You can't have a velocity relative to a point in spacetime. That doesn't make sense.

You also can't, in general, have a velocity relative to a distant object in a curved spacetime., as I explained before.
 
You can't have a velocity relative to a point in spacetime.

You also can't, in general, have a velocity relative to a distant object in a curved spacetime., as I explained before.
Let me rephrase: If we make the galaxy more like falling through the earth with even spherical density, and I burn to cancel my orbital motion, and then burn 215kms straight down, I expect when passing near the earth on the other side of the galaxy, a trapped electron in my craft will have roughly 215km/s * sqrt(2) relative velocity to a trapped electron on earth's surface.
 
So I am asking if a different planet besides Earth (with trapped electron on its surface) also happened to be orbiting the galactic barycenter at 215km/s at the same circular distance from the barycenter as Earth, and my craft passed very near this planet on its outbound trajectory from sagittarius a* (assume for simplicity the milky way is spherically symmetrical and evenly dense except for the super massive black hole), and rather than using my 215km/s burn immediately after the orbital cancellation burn, I use the 215km/s burn as close as possible to sagittarius a* without destroying the craft from tidal forces or acceleration, what's the largest relative speed the electron on my craft can have with respect to the electron on the described planet at "outbound close approach?"
 

DaveC426913

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I kind of wish you'd simply state what you're trying to accomplish in context, and let is figure out the best approach. Is this for a story plot? Are you planning an entangled electrons experiment at maximum separation?

Why do you keep referring to a trapped electron on the Earth's surface. That seems needlessly specific.
Surely just Earth is sufficient as your reference point.
 
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rather than using my 215km/s burn immediately after the orbital cancellation burn, I use the 215km/s burn as close as possible to sagittarius a* without destroying the craft from tidal forces or acceleration, what's the largest relative speed the electron on my craft can have with respect to the electron on the described planet at "outbound close approach?"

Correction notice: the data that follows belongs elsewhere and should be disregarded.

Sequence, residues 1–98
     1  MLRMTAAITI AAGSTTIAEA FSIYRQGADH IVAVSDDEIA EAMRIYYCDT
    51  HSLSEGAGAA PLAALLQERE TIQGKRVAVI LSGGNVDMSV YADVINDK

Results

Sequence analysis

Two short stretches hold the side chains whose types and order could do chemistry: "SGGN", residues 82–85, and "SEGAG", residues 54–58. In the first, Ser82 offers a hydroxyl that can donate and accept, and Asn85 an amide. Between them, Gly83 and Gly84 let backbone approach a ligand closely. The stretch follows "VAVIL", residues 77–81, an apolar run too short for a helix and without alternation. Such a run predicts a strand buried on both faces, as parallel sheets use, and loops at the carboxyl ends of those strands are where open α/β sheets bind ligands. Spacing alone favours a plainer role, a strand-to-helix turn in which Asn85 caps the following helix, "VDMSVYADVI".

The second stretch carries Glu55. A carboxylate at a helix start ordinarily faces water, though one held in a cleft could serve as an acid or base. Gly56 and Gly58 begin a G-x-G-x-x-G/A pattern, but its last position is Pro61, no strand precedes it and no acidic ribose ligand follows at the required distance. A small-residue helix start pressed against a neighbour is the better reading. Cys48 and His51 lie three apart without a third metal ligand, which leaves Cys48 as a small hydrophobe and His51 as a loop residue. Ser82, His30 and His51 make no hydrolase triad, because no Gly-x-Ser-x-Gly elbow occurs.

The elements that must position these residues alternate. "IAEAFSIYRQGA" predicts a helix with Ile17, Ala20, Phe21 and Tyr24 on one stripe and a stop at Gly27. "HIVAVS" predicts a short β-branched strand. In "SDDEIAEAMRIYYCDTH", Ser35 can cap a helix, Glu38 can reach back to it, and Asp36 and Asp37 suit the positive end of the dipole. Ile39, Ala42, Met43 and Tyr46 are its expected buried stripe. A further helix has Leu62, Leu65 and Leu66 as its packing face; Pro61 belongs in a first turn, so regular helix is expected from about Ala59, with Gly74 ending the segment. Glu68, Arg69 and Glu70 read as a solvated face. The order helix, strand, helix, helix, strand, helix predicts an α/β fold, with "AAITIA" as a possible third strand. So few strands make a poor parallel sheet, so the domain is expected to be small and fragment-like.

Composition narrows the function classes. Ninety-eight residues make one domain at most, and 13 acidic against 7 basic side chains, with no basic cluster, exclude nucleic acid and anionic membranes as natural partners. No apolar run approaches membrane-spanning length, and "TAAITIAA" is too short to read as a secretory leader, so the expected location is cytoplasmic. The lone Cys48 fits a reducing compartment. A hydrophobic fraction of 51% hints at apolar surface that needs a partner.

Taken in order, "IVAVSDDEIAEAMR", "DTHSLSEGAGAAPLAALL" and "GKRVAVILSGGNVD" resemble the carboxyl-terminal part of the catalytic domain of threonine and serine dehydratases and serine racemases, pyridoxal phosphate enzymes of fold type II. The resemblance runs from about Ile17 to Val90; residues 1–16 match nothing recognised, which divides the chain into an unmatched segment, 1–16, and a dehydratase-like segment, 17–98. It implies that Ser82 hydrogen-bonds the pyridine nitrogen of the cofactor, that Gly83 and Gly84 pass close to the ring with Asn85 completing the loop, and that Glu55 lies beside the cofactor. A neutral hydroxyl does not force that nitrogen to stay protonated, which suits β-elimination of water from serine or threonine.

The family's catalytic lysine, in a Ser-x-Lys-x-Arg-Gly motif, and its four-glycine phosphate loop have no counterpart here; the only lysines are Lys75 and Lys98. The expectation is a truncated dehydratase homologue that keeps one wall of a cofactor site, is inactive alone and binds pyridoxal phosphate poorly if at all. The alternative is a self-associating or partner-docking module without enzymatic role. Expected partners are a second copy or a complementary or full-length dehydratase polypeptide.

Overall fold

So, as you mentioned before, you want to use the Oberth effect. If the black hole weren't there, we could simply use the non-relativistic Oberth effect formula, which since the delta-v of the burn and the periapsis velocity are the same for this case, would (I think) simply multiply the delta-v of the burn by a factor of ##\sqrt{2}##. So the "outbound close approach" velocity would be ##215 \sqrt{2}## km/s.

However, if we are using the black hole, we can achieve much larger periapsis velocity, and we also have to take into account relativistic effects. I don't have time to calculate that right now, and I can't find a quick reference online. But the basic idea would be to calculate the change in energy at infinity produced by the burn; because energy at infinity is conserved for geodesic motion, this change will show up as kinetic energy (per unit mass) of the object at "outbound closest approach" (because without the burn at periapsis kinetic energy would be zero at that point).
 
If you plan to coast to the galactic centre, you're still going to have a heckuva time dodging all the stellar gravity wells you pass through.
What if each star passing is thought of more as an "opportunity" for an oberth manuever?